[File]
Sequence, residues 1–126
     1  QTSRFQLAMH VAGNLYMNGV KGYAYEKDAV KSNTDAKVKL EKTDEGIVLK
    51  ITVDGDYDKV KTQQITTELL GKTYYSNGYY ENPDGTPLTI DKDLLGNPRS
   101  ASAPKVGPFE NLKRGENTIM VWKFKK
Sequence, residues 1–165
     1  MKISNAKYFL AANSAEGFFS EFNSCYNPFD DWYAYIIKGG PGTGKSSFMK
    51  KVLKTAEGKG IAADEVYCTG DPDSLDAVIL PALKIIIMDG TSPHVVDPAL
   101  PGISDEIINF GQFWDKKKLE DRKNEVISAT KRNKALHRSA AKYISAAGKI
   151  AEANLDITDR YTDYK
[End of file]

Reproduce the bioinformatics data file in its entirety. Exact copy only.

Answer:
Sequence, residues 1–126
     1  QTSRFQLAMH VAGNLYMNGV KGYAYEKDAV KSNTDAKVKL EKTDEGIVLK
    51  ITVDGDYDKV KTQQITTELL GKTYYSNGYY ENPDGTPLTI DKDLLGNPRS
   101  ASAPKVGPFE NLKRGENTIM VWKFKK
Sequence, residues 1–165
     1  MKISNAKYFL AANSAEGFFS EFNSCYNPFD DWYAYIIKGG PGTGKSSFMK
    51  KVLKTAEGKG IAADEVYCTG DPDSLDAVIL PALKIIIMDG TSPHVVDPAL
   101  PGISDEIINF GQFWDKKKLE DRKNEVISAT KRNKALHRSA AKYISAAGKI
   151  AEANLDITDR YTDYK